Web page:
Your browser doesn't support javascript.
Show: 20 | 50 | 100
Results 1 - 20 de 195
Filter
Add filters

Year range
1.
J Infect Public Health ; 13(12): 1797-1804, 2020 Dec.
Article in English | MEDLINE | ID: covidwho-1023649

ABSTRACT

In a short time, humanity has experienced two pandemics: the influenza A virus pandemic (pH1N1) in 2009 and the coronavirus disease 2019 (COVID-19) pandemic in 2020. Therefore, it is likely that the general population will erroneously seek to compare the two pandemics and adopt similar attitudes in facing them. However, the two pandemics have their intrinsic characteristics that distinguish them considerably; for example, the virulence of the infectious agents and the availability of treatment and vaccine. Consequently, given this knowledge gap between the pH1N1 and COVID-19 pandemics, we conducted this review to clarify and summarize, above all, the epidemiological historical aspects of these two viruses of great importance to global public health.


Subject(s)
/epidemiology , Influenza A Virus, H1N1 Subtype , Influenza, Human/epidemiology , Epidemics , Global Health , Humans
3.
Am J Public Health ; 110(12): 1817-1824, 2020 12.
Article in English | MEDLINE | ID: covidwho-1021766

ABSTRACT

Objectives. To identify spatiotemporal patterns of epidemic spread at the community level.Methods. We extracted influenza cases reported between 2016 and 2019 and COVID-19 cases reported in March and April 2020 from a hospital network in Rhode Island. We performed a spatiotemporal hotspot analysis to simulate a real-time surveillance scenario.Results. We analyzed 6527 laboratory-confirmed influenza cases and identified microepidemics in more than 1100 neighborhoods, and more than half of the neighborhoods that had hotspots in a season became hotspots in the next season. We used data from 731 COVID-19 cases, and we found that a neighborhood was 1.90 times more likely to become a COVID-19 hotspot if it had been an influenza hotspot in 2018 to 2019.Conclusions. The use of readily available hospital data allows the real-time identification of spatiotemporal trends and hotspots of microepidemics.Public Health Implications. As local governments move to reopen the economy and ease physical distancing, the use of historic influenza hotspots could guide early prevention interventions, while the real-time identification of hotspots would enable the implementation of interventions that focus on small-area containment and mitigation.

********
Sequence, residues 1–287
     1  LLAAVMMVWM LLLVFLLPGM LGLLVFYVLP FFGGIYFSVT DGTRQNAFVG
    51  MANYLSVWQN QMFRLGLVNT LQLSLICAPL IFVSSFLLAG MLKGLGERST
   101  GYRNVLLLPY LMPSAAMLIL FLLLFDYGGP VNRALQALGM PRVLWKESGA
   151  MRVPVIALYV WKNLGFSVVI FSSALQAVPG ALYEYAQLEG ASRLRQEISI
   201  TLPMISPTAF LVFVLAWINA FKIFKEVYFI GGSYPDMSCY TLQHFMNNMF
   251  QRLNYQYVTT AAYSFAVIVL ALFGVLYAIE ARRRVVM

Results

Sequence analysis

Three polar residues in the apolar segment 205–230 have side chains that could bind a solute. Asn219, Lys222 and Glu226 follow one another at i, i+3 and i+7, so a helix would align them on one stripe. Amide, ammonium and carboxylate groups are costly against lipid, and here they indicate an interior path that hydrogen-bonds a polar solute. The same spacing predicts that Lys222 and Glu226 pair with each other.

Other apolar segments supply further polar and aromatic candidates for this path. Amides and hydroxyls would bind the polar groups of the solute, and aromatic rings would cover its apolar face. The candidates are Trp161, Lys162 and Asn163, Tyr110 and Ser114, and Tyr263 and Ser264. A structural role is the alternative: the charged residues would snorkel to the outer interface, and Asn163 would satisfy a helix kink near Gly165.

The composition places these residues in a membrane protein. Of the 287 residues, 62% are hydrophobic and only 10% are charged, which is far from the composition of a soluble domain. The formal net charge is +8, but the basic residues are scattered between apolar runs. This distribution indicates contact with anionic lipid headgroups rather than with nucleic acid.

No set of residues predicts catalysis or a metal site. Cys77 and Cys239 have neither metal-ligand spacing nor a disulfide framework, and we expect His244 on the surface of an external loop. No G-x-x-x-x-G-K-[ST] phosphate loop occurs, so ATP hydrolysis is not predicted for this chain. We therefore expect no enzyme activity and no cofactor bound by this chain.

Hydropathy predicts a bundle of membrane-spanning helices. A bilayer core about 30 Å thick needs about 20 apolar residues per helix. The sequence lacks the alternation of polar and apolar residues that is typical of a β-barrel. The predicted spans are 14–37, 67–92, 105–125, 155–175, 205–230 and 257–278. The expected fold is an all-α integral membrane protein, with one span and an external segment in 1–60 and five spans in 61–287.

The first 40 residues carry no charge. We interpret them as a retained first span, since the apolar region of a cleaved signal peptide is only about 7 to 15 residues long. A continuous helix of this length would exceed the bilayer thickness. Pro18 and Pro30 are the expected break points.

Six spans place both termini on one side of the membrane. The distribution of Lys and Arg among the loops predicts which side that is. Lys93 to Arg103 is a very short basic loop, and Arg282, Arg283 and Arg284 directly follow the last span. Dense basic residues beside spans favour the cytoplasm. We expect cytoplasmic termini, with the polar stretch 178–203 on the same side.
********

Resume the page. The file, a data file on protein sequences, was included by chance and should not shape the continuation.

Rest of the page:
Subject(s)
/epidemiology , Influenza, Human/epidemiology , Humans , Influenza A virus , Pandemics , Public Health Surveillance , Rhode Island/epidemiology , Spatio-Temporal Analysis
5.
Biomolecules ; 11(1)2020 12 24.
Article in English | MEDLINE | ID: covidwho-1011420

ABSTRACT

The medical burden caused by respiratory manifestations of influenza virus (IV) outbreak as an infectious respiratory disease is so great that governments in both developed and developing countries have allocated significant national budget toward the development of strategies for prevention, control, and treatment of this infection, which is seemingly common and treatable, but can be deadly. Frequent mutations in its genome structure often result in resistance to standard medications. Thus, new generations of treatments are critical to combat this ever-evolving infection. Plant materials and active compounds have been tested for many years, including, more recently, active compounds like flavonoids. Quercetin is a compound belonging to the flavonols class and has shown therapeutic effects against influenza virus. The focus of this review includes viral pathogenesis as well as the application of quercetin and its derivatives as a complementary therapy in controlling influenza and its related symptoms based on the targets. We also touch on the potential of this class of compounds for treatment of SARS-COV-2, the cause of new pandemic.


Subject(s)
Disease Outbreaks , Influenza A virus/metabolism , Influenza, Human , Quercetin/therapeutic use , /metabolism , /drug therapy , /metabolism , Humans , Influenza, Human/drug therapy , Influenza, Human/epidemiology , Influenza, Human/metabolism
7.
J Med Virol ; 92(9): 1549-1555, 2020 09.